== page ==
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The annual report of the State Ombudsman, State Comptroller Eliezer Goldberg, published Tuesday, reveals that a police investigator faced disciplinary action after acting with neglect during a rape investigation.

The complainant received an apology letter for the investigator's shortcomings three years after filing the complaint, but the State Prosecution had decided not to press charges against the suspects, due to lack of evidence.

Goldberg recommended that police adopt several measures to prevent contemptuous treatment of complaints it receives.

The affair began in November 2000, as a woman filed a complaint with police claiming she had been raped by two men. The complainant and a social worker contacted the investigator repeatedly as well as the district prosecution office, to find out whether the investigation was progressing.

No-one at the prosecutor's office or police was able to shed light on their request, or to even give the investigation's file number.

The investigator of the case took testimonies from the complainant and the suspects, and also referred the woman to be medically examined. The investigator said she filed the evidence in a summary file along with her recommendation to transfer the case to the state prosecution and press charges against the suspects.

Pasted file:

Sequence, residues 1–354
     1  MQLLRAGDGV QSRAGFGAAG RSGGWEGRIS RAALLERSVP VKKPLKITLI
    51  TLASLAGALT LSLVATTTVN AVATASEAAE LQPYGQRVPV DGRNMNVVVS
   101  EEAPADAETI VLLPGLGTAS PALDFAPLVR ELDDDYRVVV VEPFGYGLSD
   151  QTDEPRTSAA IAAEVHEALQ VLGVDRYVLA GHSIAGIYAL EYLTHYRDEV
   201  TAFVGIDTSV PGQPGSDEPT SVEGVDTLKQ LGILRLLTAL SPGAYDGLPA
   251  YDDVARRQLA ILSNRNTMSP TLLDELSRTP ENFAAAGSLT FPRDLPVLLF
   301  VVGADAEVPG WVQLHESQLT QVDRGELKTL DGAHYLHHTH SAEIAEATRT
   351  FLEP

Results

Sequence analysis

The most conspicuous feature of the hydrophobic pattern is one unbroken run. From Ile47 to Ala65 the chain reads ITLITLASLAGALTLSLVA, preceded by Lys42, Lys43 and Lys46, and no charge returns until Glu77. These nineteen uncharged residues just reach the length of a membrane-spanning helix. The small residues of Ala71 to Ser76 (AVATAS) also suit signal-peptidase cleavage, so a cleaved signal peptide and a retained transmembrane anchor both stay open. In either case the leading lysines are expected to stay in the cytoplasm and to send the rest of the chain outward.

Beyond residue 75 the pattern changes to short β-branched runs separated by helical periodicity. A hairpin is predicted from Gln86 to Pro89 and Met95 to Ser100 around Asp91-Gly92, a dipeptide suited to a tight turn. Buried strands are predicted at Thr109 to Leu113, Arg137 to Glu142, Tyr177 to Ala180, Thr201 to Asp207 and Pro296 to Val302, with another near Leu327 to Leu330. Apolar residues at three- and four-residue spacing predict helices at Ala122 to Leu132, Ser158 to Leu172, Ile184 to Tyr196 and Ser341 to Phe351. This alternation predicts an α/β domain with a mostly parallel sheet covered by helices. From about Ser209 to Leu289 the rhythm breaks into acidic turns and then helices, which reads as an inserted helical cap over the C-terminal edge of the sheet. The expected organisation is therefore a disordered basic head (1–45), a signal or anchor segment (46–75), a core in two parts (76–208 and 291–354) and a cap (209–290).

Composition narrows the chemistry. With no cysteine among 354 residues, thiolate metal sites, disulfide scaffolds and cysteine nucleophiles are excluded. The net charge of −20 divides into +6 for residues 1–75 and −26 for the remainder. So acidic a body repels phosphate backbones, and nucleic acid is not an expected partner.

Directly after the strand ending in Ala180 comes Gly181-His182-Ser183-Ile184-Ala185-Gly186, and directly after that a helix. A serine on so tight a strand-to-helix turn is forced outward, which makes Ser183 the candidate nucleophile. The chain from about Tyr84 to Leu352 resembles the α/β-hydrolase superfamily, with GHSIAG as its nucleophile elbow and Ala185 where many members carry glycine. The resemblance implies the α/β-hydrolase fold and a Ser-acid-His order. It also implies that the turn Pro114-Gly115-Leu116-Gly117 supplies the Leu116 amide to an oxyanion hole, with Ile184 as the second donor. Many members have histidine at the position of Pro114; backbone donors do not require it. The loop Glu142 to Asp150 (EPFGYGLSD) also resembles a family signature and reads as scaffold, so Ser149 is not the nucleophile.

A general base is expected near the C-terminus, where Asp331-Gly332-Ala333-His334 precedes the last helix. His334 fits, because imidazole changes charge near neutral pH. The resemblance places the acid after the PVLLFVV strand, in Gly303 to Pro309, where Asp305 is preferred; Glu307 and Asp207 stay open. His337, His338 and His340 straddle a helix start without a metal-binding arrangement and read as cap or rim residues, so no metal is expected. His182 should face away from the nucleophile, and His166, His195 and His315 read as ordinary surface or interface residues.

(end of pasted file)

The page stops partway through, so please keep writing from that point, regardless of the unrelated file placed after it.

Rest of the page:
The ombudsman has found that the records on the police computer confirm that the investigation file had been transferred to the prosecution, only that the file was never received there. In a search held at the prosecutor's office at the ombudsman's intervention, the file was located in the police station's archive.

Documents were missing from the file, including the medical opinion from the complainant's medical examination. A police officer assigned to investigate the file's disappearance discovered that the computer record of the file's transfer to the prosecution was entered twenty months after the transfer was reported, and that there were no document from the prosecution confirming its receipt.

In the report the State Ombudsman says that police must ensure that all computer records on the transfer of files should have a matching paper document to confirm the transfer. Also, the record must reflect correctly the status of the case. The ombudsman told police that neglecting the rape case, even though the file was ultimately found, may prevent the investigation's completion.

The prosecution had decided not to charge the suspects due to lack of evidence. It was not clear whether the loss of the investigation file affected the decision. The police investigator was the only person held accountable for the neglect in the case.